must be stopped
Editor of the Reformer:
The other day I witnessed a young man trying to cross Western Avenue in Brattleboro. As he stepped off the curb and clearly signaled that he was crossing the road, a car coming from the west came to a stop. A car coming from the east sailed past the young man and I could clearly see that the woman was holding a smartphone at the steering wheel and was texting. Fortunately the young man did not continue crossing. The driver coming from the east had no clue that the driver coming from the west had made a complete stop and no clue that a pedestrian was trying to cross the road.
I routinely drive on Route 121 in Rockingham. I notice that practically every car coming from the opposite direction that is driving over the center line, is either holding a cell phone to the ear or texting. Could someone please bring forth technology that will prevent these phones from working in a moving car (perhaps excepting 911 calls) and require that the manufacturers of the phones use the technology? This would not hurt the sale of phones. People will buy them anyway and use them as they should be used and that does not include while driving. Texting and talking on the phone while driving is hazardous to your life and mine. Stop it now.
Saxtons River, Aug. 28
Editor of the Reformer:
Anyway, I at least attended on one of the best aggressive bridge players in the world. You may have to know the game to understand what this means in terms of bidding and play, even aggressive sacrifices calculating that you would lose, but lose less than if the other guys won.
Then in Vermont I came across a serious bridge group hosted by then dentist Paul Stone in the basement of his clinic, and without mentioning other players attending, Rod Gander was one. Probably a couple months passed before I understood ‘who he was’, which included heading a major New York magazine where he rectified the count from 90 percent male journalist to 50 percent while driving up circulation.
Then he was president of Marlboro College, and after became a representative of Windham county in Montpelier. But to me, he was the antidote or polar opposite to the truly devilish stuff I was playing as taught by Paul, in that he was the equal to my bridge teacher, but not in attack, in defense.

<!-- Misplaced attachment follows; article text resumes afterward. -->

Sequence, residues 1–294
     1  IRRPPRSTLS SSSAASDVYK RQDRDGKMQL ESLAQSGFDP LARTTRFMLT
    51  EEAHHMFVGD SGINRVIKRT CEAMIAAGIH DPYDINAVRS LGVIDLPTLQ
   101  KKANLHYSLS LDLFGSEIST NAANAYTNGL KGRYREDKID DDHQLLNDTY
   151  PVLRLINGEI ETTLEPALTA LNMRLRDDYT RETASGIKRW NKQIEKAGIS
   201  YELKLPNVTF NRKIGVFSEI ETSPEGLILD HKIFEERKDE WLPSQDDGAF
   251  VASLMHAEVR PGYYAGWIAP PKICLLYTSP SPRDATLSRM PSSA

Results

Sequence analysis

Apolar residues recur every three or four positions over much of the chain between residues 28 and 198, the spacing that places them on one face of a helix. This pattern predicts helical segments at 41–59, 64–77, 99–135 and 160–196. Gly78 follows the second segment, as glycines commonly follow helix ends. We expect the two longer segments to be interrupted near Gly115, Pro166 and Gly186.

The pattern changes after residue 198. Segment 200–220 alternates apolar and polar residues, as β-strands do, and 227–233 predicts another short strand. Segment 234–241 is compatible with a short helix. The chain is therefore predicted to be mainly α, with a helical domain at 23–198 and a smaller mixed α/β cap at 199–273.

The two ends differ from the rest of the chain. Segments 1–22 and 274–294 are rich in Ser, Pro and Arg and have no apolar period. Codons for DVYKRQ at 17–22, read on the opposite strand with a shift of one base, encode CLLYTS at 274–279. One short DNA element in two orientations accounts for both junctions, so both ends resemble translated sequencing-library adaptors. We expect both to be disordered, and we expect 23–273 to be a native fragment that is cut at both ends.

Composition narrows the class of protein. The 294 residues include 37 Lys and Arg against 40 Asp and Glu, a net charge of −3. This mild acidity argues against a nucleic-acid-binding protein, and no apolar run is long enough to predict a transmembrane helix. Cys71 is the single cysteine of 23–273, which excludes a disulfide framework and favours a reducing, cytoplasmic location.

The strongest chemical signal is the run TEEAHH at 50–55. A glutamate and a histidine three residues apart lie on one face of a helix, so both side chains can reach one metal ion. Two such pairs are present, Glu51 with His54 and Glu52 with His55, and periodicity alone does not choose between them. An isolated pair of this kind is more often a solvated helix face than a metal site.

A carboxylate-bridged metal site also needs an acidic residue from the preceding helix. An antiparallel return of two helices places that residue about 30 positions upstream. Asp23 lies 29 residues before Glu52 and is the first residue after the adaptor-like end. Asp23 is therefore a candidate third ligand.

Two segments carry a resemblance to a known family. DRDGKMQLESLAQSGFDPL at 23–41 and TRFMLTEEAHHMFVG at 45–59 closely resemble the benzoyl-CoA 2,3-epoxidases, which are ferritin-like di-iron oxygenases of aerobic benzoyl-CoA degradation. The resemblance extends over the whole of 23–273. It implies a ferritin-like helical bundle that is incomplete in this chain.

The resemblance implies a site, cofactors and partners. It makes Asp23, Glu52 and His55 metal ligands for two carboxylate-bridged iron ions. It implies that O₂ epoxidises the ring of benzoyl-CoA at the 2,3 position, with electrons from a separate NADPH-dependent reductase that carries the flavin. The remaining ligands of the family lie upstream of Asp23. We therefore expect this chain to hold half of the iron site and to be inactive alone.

You could probably not recommend a future politician more. Every detail contested, few overtricks, and now and again when we were not partners but opponents at the table he would stop, look at me hard, not smiling, since he is wondering if the lead of King with 2, 3 10 exposed in dummy means I had the Q or J, too, and the truth was no, it was a bare king and I am "attacking" my weakness. Can go down huge amount if wrong, in 3NT and if you always do audacious things they will get you. But early in the hand when you have two tricks to make over what you can see, this needs be one of em, and you have to play to win, and then in further play you got 2 x 50 percent chance finesses possible, so which? But then you can assess their cards, right?
I would smile back at Rod, whose face was without expression, as if I was asking, "What’s up?" You had to do this with Rod early, since his inferences after half or two thirds the cards were out there were too good to fool at same percentage of risk.
This is not about bridge really, but about someone who could assess from what was visible and what not, the best course. Would all bioregional politicians have the same sense, and while I do not say they are or not, like many people in Windham county, Rod was world class at his art.
Brattleboro, Aug. 26
When the government was here to help
Editor of the Reformer:
I do not usually read investment columns, but I read Bill Schmick’s column in your Aug. 18-19 edition ("Is Krugman right?") to see what an "investment advisor representative" might say about Paul Krugman.
I was disappointed on that score. Mr. Schmick is not progressive enough to agree with Mr. Krugman on the one hand and on the other hand did not stand up and forthrightly disagree.
I did, however find a nugget in his third paragraph: "A common fallacy among Americans is that Franklin Delano Roosevelt’s economic policies extricated the United States from the Great Depression of the 1930’s. Others, with more knowledge of those times, recognize that it was the onset of Word War II and the U.S. preparation to wage war, which truly pulled us out of that economic mire."
The GOP and their followers have been saying this for years.
Small wonder. The New Deal banished the GOP to political irrelevance for five decades.
From a Wall Street perspective the economy may not have recovered until the mid-1940s, but for the average wage earner the difference between 1932 and 1933 was night and day. Do you remember when Reagan said that the most frightening words in the English language were, "We are here from the government and we’re here to help"?
In 1933 those were words of hope because nobody else was showing up to help. The pure capitalism of 1932 dictated that that if you couldn’t make it on your own, tough. Nobody was coming to help.
FDR turned that thinking on its head and along the way built infrastructure which has made possible the life that Americans enjoy today.
I know for many who are struggling there is little to enjoy, but read Steinbeck’s "Grapes of Wrath" to see the difference between "hard times" now and then. Or read the chapter titled "the Sad Irons" in the first volume of Robert Caro’s biography of Lyndon Johnson. "Sad Irons" describes farm life in the Texas hill country in 1937. Older Vermonters tell me life here in Vermont was similarly hard before electricity.
These are changes that WWII alone did not bring. They were brought by a populace who asked for help and a government that listened.
Brattleboro, Aug. 24